Headline: “Amazon Is Working On ‘Anticipatory Shipping’ To Mail Items Before Customers Actually Buy Them”
For the past couple of weeks I’ve been searching online for a few things I may eventually wind up buying. I know for a fact that Google noticed. Every one of the sites I go to now is filled with ads to constantly remind me of the various brands and sellers of gourmet gas grills, telescope eyepieces and other gadgetry that has caught my attention recently.
Every company that’s analyzing their ‘big fast data’ knows what’s trending where in near realtime. Amazon notices things too. Apparently, Amazon thinks they’re onto a clever idea, so they patented it. They think they should just ship me things I’m ‘stalking’, I mean ‘shopping for’, on their site. Hey, if it’s on their dime, why not?
I just had a blast from the past. Remember the old days, before music streaming and downloading eBooks? When BMG, Columbia House or a book of the month club shipped you 12 of your favorite cassettes, CDs, Dr. Seuss books or Learn How to Read flash cards – for free. They mailed you a form. You told them what you liked, then they basically guessed what else you might want, and shipped you one or two every month. The freebies came along with an obligation to buy so many more. I’m curious, was that the first recurring revenue subscription model?
Then began the seamlessly never ending cycle of ship, open, reseal and return, with an occasional keep. Sometimes they also sent a ‘bonus item’. Maybe they sent everyone the same thing. I never thought to ask. They just shipped me things and I opened them. On occasion, I didn’t return them before the deadline. That meant I had to pay for something I didn’t want, simply because it was inconvenient not to. Now, I have several hundred CDs and remember every one I didn’t intend to have. Of course, they’re in storage because I ‘ripped’ them all into iTunes. Even on ‘shuffle play’, I’ve honestly NEVER listened to Ann Murray – As I Am or Backstreet Boys – Millennium. The Time Life Discovery Samplers did expand my scope of interest and Tom Petty – Wildflowers turned out to be a pretty good listen too. They shipped me things I didn’t intend to buy and I happily paid for them.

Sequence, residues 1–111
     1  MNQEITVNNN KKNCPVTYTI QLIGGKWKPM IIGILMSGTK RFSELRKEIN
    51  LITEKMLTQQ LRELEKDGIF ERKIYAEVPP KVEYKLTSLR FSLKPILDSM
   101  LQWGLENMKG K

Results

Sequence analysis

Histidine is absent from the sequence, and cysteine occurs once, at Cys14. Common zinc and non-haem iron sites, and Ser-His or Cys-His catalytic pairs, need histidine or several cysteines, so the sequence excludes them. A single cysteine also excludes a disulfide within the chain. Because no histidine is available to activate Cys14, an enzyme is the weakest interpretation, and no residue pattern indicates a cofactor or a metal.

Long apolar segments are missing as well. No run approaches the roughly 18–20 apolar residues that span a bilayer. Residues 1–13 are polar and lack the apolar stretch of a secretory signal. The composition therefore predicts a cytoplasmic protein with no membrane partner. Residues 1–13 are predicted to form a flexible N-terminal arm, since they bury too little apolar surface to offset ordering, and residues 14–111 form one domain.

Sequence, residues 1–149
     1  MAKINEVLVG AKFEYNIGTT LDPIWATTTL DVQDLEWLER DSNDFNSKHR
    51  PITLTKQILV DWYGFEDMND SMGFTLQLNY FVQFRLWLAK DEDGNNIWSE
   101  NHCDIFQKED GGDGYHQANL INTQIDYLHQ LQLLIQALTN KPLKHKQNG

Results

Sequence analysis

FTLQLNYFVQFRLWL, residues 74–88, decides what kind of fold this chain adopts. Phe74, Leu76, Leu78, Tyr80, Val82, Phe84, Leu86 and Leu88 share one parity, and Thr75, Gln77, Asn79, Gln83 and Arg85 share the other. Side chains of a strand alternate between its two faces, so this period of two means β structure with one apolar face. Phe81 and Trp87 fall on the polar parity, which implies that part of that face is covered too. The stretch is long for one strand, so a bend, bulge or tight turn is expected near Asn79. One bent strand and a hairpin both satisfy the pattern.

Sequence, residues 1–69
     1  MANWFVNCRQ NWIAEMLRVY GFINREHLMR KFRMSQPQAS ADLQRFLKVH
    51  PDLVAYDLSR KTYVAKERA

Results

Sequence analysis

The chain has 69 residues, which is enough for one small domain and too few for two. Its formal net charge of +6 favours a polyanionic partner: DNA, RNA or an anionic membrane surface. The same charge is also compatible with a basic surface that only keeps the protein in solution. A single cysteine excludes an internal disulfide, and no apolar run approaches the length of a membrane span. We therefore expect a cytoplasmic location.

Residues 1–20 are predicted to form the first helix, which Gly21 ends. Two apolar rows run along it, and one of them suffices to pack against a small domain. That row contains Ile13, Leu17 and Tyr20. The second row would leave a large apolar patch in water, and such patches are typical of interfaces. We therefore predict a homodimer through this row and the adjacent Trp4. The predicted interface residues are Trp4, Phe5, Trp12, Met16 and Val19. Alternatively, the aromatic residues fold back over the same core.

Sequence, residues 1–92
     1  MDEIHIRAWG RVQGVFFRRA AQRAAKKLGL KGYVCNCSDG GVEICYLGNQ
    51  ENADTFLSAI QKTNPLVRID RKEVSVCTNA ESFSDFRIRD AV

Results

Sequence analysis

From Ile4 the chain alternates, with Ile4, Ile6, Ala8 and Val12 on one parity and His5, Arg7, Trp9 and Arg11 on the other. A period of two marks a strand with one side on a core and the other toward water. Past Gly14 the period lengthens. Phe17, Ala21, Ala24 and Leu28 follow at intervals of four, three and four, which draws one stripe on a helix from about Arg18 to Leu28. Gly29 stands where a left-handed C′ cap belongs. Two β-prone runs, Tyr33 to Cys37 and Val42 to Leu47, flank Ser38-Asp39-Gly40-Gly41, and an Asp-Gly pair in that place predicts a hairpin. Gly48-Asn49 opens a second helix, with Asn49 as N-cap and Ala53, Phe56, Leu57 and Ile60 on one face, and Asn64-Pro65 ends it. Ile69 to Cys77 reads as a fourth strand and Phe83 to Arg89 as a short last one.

I suppose that’s a viable new business model for Amazon. Think back, what did they start out as? An online book store. They know the model will work for books because people tend to stick with a genre or favorite author. Why not just ship one out? I can see how that would work out well. Why not expand it a little. Music. Check. Same model, but that’s a download now, best handled with an email and a one-click buy. Imagine where else it might work. If you buy things that need refilling, like printer ink, vitamins or razor blades, why not just ship a set at your known interval? If you’re a Prime member and frequent buyer, they could just send you popular things people like you buy and hope you’ll keep some. Maybe an upgraded version of what you use, or one that has a better cost/profitability model for them? If you don’t want them, maybe you’ll regift them to someone else. Most likely, you’ll just pay the bill because you’ll use them eventually anyway.
This is getting interesting. Back to my recent shopping. I do not want to put together that gas grill when it’s freezing cold outside. Even though I thoroughly enjoy appreciating the night sky with new eyepieces, I don’t take my telescope outside because there are no deep sky objects to be seen here because of light pollution. But I still want them. If either showed up at my door step I would have serious thinking to do. It would be a serious pain to return a grill. I’d keep it.
Check plus Amazon, check plus. I’d call this a Big Idea.
Now, imagine this. You’re shopping at your favorite big box store and don’t like the price on something that catches your eye. Do you just walk away? No. You take out your smartphone, do a quick search, probably on Amazon, to make sure the price isn’t out of line. You liked it, or you wouldn’t have taken the time to comparison shop. Noticing that someone likes something is a trigger that gets sellers excited. Why wouldn’t Amazon just ship you one, right at that moment?
Let’s say you did opt to buy one while you were at store, or from some other online source and you end up with two after receiving the one Amazon preemptively shipped you. Which do you return? If Amazon can position for best price most of the time, they may not even need to cover the return shipping cost!
Let’s look at it from another angle. Maybe they’ll pre-deliver a local area’s most popular searched-for and bought items to the Amazon storage lockers that are located at 7 Elevens and Dunkin’ Donuts here in Philly. Imagine that. Stocking a locker in a convenience store with the things Amazon KNOWS people near it want to buy. Now that’s convenient!
See this WSJ article for more details.